The Indus-2 synchrotron is an electron storage ring (Ghodke et al., 2006) designed for 2.5 GeV beam energy and stores current up to 200 mA (Ghodke & Hannurkar, 2014) at Raja Ramanna Center for Advanced Technology (RRCAT), Indore, India. It is operated in decay mode with a typical lifetime of ∼22 h at 100 mA of stored beam current (Kumar et al., 2013). The storage ring operates with horizontal and vertical beam emittance of 58 nm rad and 0.58 nm rad, respectively. Recently, Indus-2 has been upgraded to a third-generation source with the commissioning of two undulators (Hannurkar, 2015). HXPES beamlines devoted to high-resolution studies have been set up at most synchrotron sources in recent years because of their unique characteristics such as enabling the user to extract almost complete information about the elemental as well as chemical states of materials etc., with increased bulk sensitivity. In view of this, we have also developed an HXPES beamline utilizing a large energy range (3–15 keV) of synchrotron radiation from the bending magnet of a third-generation synchrotron source at Indus-2 at RRCAT, Indore, India. This beamline is a national facility and the Department of Atomic Energy (DAE), Government of India, has funded its construction and operation. The PES-BL14 beamline is primarily aimed to cater to the needs of research groups in India working in the area of solid-state basic and applied research. The beamline is designed to provide hard X-rays for high-resolution studies of atomic and electronic structures of surfaces and interfaces with increased bulk sensitivity. The first high-resolution XPS data of a gold sample were recorded during November 2017 and since then the beamline has been used by several researchers.
The photon source for this beamline is a 1.5 T bending magnet located at port No. 14 (10° port) of the Indus-2 synchrotron radiation source. The beamline front-end (FE) (Raghuvanshi et al., 2007), which finishes at 16 m from the source, has most of its components inside the thick concrete wall of the Indus-2 ring. The FE consists of a fixed-exit copper mask that provides a 3 mrad horizontal aperture and allows full vertical size for the white beam. The FE also contains various pneumatic gate valves and water-cooled shutters including the safety shutter and the fast-closing shutter. The FE makes use of the fast-closing shutter and a delay line for ultrahigh-vacuum (UHV) protection of the storage ring. The 200 µm-thick beryllium window at the end of the FE separates the storage ring vacuum from that of the beamline. It also acts as a high-pass filter, removing photons with energies less than 3 keV, thus reducing the heat load on the downstream optical components.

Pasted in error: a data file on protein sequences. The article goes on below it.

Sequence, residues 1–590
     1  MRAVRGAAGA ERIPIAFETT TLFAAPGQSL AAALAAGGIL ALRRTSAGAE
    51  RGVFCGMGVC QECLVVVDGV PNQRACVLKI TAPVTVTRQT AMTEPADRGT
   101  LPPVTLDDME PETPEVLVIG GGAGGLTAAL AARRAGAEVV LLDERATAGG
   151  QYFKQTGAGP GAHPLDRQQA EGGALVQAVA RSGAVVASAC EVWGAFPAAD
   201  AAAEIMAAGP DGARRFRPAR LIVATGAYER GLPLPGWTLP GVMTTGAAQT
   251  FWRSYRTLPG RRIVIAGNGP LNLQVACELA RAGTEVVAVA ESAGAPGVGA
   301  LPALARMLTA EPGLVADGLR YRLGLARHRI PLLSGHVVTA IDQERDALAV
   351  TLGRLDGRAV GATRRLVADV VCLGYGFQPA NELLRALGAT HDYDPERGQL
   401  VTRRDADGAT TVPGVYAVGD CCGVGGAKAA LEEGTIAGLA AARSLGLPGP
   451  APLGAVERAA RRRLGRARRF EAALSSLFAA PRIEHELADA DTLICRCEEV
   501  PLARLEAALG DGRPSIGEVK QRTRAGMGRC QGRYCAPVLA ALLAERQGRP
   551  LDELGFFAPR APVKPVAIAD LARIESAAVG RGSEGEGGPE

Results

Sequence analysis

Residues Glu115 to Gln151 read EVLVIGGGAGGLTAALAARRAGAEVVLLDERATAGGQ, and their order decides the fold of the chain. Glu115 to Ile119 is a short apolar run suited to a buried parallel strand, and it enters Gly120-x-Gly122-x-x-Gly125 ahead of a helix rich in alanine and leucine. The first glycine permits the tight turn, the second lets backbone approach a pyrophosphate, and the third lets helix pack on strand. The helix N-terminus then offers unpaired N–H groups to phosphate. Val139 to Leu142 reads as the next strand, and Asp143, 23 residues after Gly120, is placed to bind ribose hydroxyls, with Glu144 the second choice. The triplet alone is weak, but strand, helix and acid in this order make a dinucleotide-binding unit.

The beamline is 39 m long starting from the bending-magnet source to the sample position and is operated under UHV (10−9 mbar) conditions. It comprises several components, namely slits (three sets), a toroidal mirror (TM), three beam-position monitors (BPMs), a double-crystal monochromator (DCM), a beam shutter (BS) and an experimental station as depicted schematically in Fig. 1. All these components are water-cooled (297 ± 0.5 K), except the experimental station. Lead-shielded hutches and interlocked doors are provided to protect users from ionizing radiation. The primary slit is placed just after the FE to select the central cone of the X-ray beam for the TM with optimal dimensions (the angular beam size was taken to be 3 mrad × 0.4 mrad, so at 20 m from the source the slit width was fixed at 60 mm × 8 mm). The profile and the position of the X-ray beam after the primary slit are measured by BPM-1. All BPMs are equipped with a phosphor-coated water-cooled copper block with an electrically isolated tungsten wire attached at the bottom. The vertical beam profile, measured from the photocurrent, is generated by scanning the tungsten wire through the X-ray beam. The white X-ray beam shines at an incident angle of 9 mrad on the surface of the TM reflecting it upwards. The TM is a platinum-coated 1.1 m-long single piece of silicon crystal, which ensures a flat reflectivity response for the X-rays in the working energy range of the beamline. The TM improves the energy resolution by collimating the X-ray beam in the vertical plane and focusing it in the horizontal plane. BPM-2, installed immediately after the TM, is used for the alignment of the beam in the beamline.
An in-house-developed DCM (Jagannath et al., 2007) is installed at 20 m from the source and provides a tunable monochromatic X-ray beam with energy ranging from 3 keV to 15 keV. The DCM uses a pair of flat Si crystals in (+, −) configuration, which ensures constant exit beam height and angle. The DCM consists of a pair of crystals, Si(111), and has the provision to accommodate another pair for future upgrade. These pairs can be exchanged in-vacuum as per the user requirement for resolution. In a vacuum chamber the crystals are mounted on motorized X–Y–Z stages which are on the goniometer (Huber make) for angular rotation and hence energy selection. The necessary angular tilts of the second crystal that are needed to suppress higher harmonics have been evaluated and incorporated through a tilting assembly mounted on X–Y stages. The complete DCM software, including the motorized movements of the X–Y–Z with encoder, rotation with the goniometer, tilting with linear variable differential transformer (LVDT) feedback, has been developed in Microsoft Visual Basic programming language. The ultimate energy resolution of the beamline is governed by Si(111) crystals and is ∼1.5 × 10−4 (ΔE/E). A beam shutter (photon shutter) is placed downstream from the DCM in the optics hutch which allows the experimental hutch to be entered for changing samples or carrying out alignment, opening the experimental hutch without closing the main safety shutter in the FE so that the beam remains available in the optics hutch, thus keeping the optical components under steady heat load (Rosenbaum et al., 2006). Finally, the monochromatic beam is focused at the sample in the experimental station placed at 39 m from the source. The toroidal mirror movement is controlled by three motorized actuators, which are controlled through a computer. The beamline components, such as the slits, mirror chambers along with actuators, beam pipes, support tables and BPMs, were designed and developed locally. The TM and the cooling systems were built by SESO, France. The beamline parameters are summarized in Table 1.